The Parkinson Alliance Reports Survey Findings on Dyskinesias and Off States for Individuals with Parkinson’s Disease from the Patient’s Perspective
KINGSTON, N.J., January 29, 2020 — The Parkinson Alliance released the results of their 30th survey-based research entitled, Dyskinesias and Off States for Individuals with Parkinson’s Disease: The Patient’s Perspective, inclusive of 935 individuals with Parkinson’s disease (PD) who were asked about their experience with dyskinesias, “off states,” emotional well-being, and quality of life (QOL). Dyskinesias, which are uncontrollable involuntary movements that are different from tremors, have a prevalence ranging from 30% to 80% of individuals with PD under chronic treatment with levodopa. Dyskinesias may be mild or debilitating, markedly impairing social interactions and quality of life.
In our survey, 52% of the participants reported experiencing dyskinesias, and 76% had significant “off states.” Dyskinesias adversely impacted day-to-day functions, including speech, eating, dressing, handwriting, engaging in hobbies, walking/balance, and social engagements. Approximately 65% of the participants reported that off states adversely impact “independence” and social activities. Anxiety and depression were also highly prevalent. Twenty-eight percent of participants reported experiencing moderate to severe anxiety, and 18% with moderate to severe depression. Most of the participants indicated that dyskinesias heighten feelings of anxiety and depression. Dyskinesias had a significant impact on QOL, with 29% of the participants indicating that QOL was “somewhat” to “extremely” adversely impacted by dyskinesias.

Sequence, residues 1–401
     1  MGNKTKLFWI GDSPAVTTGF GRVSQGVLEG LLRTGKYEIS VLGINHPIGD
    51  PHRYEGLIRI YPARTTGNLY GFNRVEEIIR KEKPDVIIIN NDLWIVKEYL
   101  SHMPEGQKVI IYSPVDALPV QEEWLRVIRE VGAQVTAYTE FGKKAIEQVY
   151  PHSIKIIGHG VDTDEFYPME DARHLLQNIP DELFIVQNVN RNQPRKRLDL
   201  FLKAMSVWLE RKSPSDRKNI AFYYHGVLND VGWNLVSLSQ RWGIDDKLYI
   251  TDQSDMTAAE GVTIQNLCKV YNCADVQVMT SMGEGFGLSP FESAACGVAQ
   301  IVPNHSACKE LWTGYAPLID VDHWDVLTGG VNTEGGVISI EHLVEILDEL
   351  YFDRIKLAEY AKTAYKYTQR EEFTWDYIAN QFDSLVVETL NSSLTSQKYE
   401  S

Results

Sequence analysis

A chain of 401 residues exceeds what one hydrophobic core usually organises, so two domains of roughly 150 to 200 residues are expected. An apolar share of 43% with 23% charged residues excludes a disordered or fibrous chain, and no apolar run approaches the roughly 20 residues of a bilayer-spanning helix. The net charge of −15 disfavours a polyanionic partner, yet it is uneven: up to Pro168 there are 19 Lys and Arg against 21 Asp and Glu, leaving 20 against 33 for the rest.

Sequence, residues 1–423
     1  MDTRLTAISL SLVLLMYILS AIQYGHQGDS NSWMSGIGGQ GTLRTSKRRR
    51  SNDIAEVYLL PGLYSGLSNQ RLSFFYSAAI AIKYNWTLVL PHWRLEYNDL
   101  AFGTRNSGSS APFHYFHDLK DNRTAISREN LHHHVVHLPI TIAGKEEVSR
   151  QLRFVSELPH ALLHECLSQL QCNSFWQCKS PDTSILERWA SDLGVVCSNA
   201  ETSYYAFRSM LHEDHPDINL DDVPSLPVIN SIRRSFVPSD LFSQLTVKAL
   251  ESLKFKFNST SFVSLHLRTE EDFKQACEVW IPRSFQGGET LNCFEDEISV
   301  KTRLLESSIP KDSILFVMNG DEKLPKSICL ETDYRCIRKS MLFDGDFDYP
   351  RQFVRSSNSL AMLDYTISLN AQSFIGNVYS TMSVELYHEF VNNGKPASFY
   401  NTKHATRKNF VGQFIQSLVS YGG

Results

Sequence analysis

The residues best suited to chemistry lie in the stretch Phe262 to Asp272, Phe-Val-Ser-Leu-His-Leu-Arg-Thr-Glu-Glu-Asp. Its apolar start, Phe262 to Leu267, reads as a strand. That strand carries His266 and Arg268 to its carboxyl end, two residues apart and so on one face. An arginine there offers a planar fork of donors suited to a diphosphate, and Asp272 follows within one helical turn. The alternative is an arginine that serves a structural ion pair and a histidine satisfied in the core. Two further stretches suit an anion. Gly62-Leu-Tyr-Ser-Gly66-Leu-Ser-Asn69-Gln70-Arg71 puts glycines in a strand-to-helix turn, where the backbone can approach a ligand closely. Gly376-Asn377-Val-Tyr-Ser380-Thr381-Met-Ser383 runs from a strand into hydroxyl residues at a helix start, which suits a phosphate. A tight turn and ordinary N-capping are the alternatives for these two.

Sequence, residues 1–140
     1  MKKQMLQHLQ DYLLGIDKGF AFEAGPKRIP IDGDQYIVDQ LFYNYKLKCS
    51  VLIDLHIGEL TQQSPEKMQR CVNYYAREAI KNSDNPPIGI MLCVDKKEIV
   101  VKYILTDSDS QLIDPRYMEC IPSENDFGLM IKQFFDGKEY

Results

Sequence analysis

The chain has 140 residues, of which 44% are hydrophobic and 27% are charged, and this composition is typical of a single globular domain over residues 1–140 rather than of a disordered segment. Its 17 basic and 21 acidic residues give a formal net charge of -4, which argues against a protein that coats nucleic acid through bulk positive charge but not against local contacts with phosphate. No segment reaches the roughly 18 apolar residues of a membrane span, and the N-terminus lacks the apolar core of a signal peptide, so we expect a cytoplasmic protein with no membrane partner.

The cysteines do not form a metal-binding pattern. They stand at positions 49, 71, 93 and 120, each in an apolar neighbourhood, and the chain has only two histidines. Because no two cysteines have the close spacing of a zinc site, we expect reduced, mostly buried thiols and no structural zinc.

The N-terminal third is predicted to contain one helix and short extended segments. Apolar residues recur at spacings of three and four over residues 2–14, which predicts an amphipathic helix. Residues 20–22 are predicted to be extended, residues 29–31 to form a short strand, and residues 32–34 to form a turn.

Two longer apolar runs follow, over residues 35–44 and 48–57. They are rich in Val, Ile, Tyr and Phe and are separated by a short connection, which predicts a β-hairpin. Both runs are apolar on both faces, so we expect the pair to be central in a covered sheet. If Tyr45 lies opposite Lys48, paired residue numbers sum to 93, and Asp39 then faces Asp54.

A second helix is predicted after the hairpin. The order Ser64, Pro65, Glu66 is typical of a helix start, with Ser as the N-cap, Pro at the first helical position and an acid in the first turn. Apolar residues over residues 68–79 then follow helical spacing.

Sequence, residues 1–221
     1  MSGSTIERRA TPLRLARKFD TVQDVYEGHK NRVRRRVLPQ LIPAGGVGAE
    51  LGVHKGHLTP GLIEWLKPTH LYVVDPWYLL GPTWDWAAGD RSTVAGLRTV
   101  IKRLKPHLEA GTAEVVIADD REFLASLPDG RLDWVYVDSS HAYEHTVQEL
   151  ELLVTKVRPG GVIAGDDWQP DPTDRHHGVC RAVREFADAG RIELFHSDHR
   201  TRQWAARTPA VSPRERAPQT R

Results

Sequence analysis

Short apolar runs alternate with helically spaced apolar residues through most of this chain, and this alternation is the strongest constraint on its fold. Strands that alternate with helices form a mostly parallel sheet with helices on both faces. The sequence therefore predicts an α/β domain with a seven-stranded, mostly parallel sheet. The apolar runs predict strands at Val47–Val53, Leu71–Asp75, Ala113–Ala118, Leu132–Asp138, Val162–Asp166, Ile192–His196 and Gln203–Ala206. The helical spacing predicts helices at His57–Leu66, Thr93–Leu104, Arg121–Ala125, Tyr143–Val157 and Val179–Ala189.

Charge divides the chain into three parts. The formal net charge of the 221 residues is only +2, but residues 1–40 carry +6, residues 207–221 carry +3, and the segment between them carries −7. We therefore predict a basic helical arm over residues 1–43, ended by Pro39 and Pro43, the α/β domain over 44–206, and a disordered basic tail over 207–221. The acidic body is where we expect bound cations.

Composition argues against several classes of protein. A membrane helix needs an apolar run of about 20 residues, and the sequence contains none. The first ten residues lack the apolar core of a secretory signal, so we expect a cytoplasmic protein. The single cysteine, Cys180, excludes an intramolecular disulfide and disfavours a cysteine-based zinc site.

Dr. Jeffrey Wertheimer, Chief Research Consultant for The Parkinson Alliance, stated, “Several therapeutic strategies are used to manage dyskinesias, including adjusting existing PD medications, conducting trials of supplemental medications, and having DBS surgery. When considering intervention for dyskinesias, it is recommended that you speak with your neurologist/movement disorders specialist.” Dr. Wertheimer added, “Anxiety and depression are common in Parkinson’s and can be a combination of medical, neurochemical, and psychosocial factors. This study highlights the strong relationship between dyskinesias and anxiety and depression. Fortunately, meeting with a mental health professional may assist in developing coping strategies to reduce and manage symptoms of depression and anxiety and improve the perceived quality of life.”
Please visit our website to view and download the full report, which includes take-home points and general recommendations for individuals with Parkinson’s disease.
About The Parkinson Alliance
The mission of The Parkinson Alliance is to raise funds for research to end Parkinson’s disease, support the development of new therapies, and improve the quality of life for those living with the disease through patient-centered research and resources. We fund research and conduct our own – patient-centered outcomes research. We are the umbrella organization for Team Parkinson events and the Parkinson’s Unity Walk.
President & CEO
The Parkinson Alliance